Native American Heritage Month

Words from a Bear examines the enigmatic life and mind of Pulitzer Prize-winning writer Navarro Scott Momaday, one of Native America’s most celebrated authors of poetry and prose. The film visually captures the essence of Momaday’s writings, relating each written line to his unique American experience representing ancestry, place, and oral history.

Walking in Two Worlds journeys to the Tongass to reveal its splendor and shed light on the devastation and division resulting from the Settlement Act. The Tongass is rich with old-growth trees, salmon-filled rivers and wildlife. Alaska’s Tlingit and Haida Indian tribes have depended on this forest for their culture and survival.

For centuries survival was difficult for Alaska Native peoples, but they lived full lives. Today survival is easier, but they are dying young. Alaska Native peoples sustained their way of life through a social, cultural and spiritual balance, but the traumatic ramifications of colonization have left many scars that continue to be passed down from generation to generation. 

An Eastern Shoshone Elder and two Northern Arapaho youth living on the Wind River Indian Reservation attempt to learn why thousands of ancestral artifacts are in the darkness of underground archives of museums and churches, boxed away and forgotten. Like millions of indigenous people in many parts of the world, they do not control their own material culture. It is being preserved, locked away, by ‘outsiders’ who themselves do not know what they have.

The first film to document the story of Michigan's Native Americans in the Civil War who served in Company K of the 1st Michigan Sharpshooters. During the Civil War a regiment of sharpshooters was being recruited to fight for the Union. Since Michigan's Native Americans were famous as skilled hunters, it was decided to recruit one company--Company K--from among the tribes in Michigan.

This documentary examines the visceral nature of war and the bravery of Native-American veterans who served in World War I, World War II, the Korean War and the Vietnam War--and came to grips with the difficult post-war personal and societal conditions.

A compelling and intimate portrait of economic and cultural survival through art. The film artfully relates the Navajo concepts of kinship and reciprocity with the human and cultural connections to sheep, wool, water and land in the world of contemporary Navajo weavers struggling for self-sufficiency.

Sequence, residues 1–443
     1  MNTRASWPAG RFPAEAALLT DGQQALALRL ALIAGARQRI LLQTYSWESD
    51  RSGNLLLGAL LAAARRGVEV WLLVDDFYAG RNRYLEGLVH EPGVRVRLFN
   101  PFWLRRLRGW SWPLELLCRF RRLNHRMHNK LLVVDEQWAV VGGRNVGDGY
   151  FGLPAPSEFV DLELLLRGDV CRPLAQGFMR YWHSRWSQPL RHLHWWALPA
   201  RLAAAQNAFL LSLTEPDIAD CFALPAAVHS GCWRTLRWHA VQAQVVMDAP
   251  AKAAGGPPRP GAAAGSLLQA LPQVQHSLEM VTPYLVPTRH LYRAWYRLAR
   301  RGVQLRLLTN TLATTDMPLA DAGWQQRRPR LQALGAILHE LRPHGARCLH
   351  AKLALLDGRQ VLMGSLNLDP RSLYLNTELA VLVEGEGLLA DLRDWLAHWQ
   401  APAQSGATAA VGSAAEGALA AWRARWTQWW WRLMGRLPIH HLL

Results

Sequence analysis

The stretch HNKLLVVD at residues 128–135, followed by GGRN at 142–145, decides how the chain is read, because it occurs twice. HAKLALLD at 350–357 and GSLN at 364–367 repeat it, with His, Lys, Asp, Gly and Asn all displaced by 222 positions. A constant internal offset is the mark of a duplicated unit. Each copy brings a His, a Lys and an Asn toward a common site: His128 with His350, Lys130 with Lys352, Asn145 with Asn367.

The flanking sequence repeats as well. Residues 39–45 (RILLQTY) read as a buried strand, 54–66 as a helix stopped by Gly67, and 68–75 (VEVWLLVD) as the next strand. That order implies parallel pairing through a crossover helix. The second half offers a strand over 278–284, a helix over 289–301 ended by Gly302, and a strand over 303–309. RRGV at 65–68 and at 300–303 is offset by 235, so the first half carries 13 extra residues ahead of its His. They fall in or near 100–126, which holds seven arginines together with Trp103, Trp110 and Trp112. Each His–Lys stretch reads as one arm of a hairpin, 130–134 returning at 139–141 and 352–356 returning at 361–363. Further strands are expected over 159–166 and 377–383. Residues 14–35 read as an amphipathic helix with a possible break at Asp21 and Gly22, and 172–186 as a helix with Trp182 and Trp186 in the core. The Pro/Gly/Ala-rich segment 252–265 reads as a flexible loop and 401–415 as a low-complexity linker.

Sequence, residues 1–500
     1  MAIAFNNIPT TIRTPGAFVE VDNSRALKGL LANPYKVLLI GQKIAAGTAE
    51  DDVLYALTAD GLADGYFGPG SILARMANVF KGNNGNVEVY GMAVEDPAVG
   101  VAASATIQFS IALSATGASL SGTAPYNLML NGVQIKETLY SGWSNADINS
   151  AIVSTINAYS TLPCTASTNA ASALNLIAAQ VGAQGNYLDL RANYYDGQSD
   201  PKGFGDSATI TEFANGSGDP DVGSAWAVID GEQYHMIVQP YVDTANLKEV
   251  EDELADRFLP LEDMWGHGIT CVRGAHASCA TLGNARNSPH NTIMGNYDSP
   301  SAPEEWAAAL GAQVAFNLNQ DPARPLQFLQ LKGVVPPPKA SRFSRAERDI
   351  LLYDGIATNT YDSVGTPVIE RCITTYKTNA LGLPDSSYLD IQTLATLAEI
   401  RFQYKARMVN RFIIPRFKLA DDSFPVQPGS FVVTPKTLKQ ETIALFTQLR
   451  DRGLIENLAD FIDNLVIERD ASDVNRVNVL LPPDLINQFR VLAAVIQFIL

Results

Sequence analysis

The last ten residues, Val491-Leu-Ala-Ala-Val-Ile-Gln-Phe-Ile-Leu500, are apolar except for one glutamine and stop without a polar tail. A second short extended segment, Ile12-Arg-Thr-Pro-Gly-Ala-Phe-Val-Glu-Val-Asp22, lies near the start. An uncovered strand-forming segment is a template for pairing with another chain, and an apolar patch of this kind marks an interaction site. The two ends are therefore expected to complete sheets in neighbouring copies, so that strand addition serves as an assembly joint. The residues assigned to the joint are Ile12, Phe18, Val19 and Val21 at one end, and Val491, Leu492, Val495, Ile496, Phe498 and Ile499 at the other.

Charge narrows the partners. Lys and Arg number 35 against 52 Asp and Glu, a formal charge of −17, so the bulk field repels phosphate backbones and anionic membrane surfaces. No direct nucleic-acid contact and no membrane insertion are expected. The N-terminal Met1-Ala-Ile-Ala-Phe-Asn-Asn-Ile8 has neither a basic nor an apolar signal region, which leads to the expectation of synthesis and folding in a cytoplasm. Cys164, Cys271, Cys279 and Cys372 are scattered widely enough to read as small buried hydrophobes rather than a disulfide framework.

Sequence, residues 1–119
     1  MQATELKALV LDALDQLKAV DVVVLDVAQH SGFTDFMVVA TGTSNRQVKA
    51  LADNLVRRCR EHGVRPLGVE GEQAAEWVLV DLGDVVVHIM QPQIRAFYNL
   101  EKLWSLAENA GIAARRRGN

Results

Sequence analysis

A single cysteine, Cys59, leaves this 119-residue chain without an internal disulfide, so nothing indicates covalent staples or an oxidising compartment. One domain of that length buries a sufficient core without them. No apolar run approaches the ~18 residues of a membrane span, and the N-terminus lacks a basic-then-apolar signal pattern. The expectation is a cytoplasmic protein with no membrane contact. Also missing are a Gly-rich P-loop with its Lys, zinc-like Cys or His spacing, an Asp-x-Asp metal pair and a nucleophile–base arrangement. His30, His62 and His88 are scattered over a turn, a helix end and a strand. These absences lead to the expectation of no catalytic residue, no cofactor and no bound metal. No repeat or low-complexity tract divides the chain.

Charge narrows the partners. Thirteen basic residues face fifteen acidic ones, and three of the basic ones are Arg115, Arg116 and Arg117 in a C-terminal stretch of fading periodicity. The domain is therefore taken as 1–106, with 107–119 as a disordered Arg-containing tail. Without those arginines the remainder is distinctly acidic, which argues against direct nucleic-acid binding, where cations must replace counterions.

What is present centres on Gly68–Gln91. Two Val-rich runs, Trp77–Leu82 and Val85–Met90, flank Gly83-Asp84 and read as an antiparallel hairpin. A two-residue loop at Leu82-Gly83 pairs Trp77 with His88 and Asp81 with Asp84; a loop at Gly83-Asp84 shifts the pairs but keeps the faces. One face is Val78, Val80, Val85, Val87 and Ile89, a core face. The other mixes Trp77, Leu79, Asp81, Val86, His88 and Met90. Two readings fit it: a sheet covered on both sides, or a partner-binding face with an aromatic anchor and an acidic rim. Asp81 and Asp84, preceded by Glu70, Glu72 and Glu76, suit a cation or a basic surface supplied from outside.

A personal story of how a multi-million dollar project displaced the Mandan/Hidatsa/Arikara Nation in North Dakota. Through interviews and archival footage, a uniquely Native American perspective emerges, giving light to a portrait of resilience and survival in the face of catastrophic change.

Central European immigrants brought polka music to America in the mid-19th century, but the people of the O'odham Indian Nations in Arizona's Sonora desert have made the mixture of accordians, saxophones and percussion all their own. Taken from the word "baila," which means "dance" in Spanish, Akimel and Tohono people have created "waila."

Become a first eye-witness in the journey of Dr. Arne Vainio (Mille Lacs Band of Ojibwe) as he realizes that he needs to digest and personally implement the advice that he gives his own middle-aged patients upon his impending 50th birthday.

Embark on a journey of transformation as three sisters from the Pine Ridge Reservation reconnect with their incarcerated father via a series of video letters. The Poor Bear girls are not sure they even want to connect--but their mother, Cindy, helps them overcome reluctance and hurt.

For over 50 years, the Kahnawake Mohawks of Quebec, Canada, occupied a 10-square-block hub in the North Gowanus section of Brooklyn, which became known as Little Caughnawaga. Filmmaker Reghan Tarbell explores her roots and traces the connections of her family to the once legendary Mohawk community.

Pages

 
Subscribe to Native American Heritage Month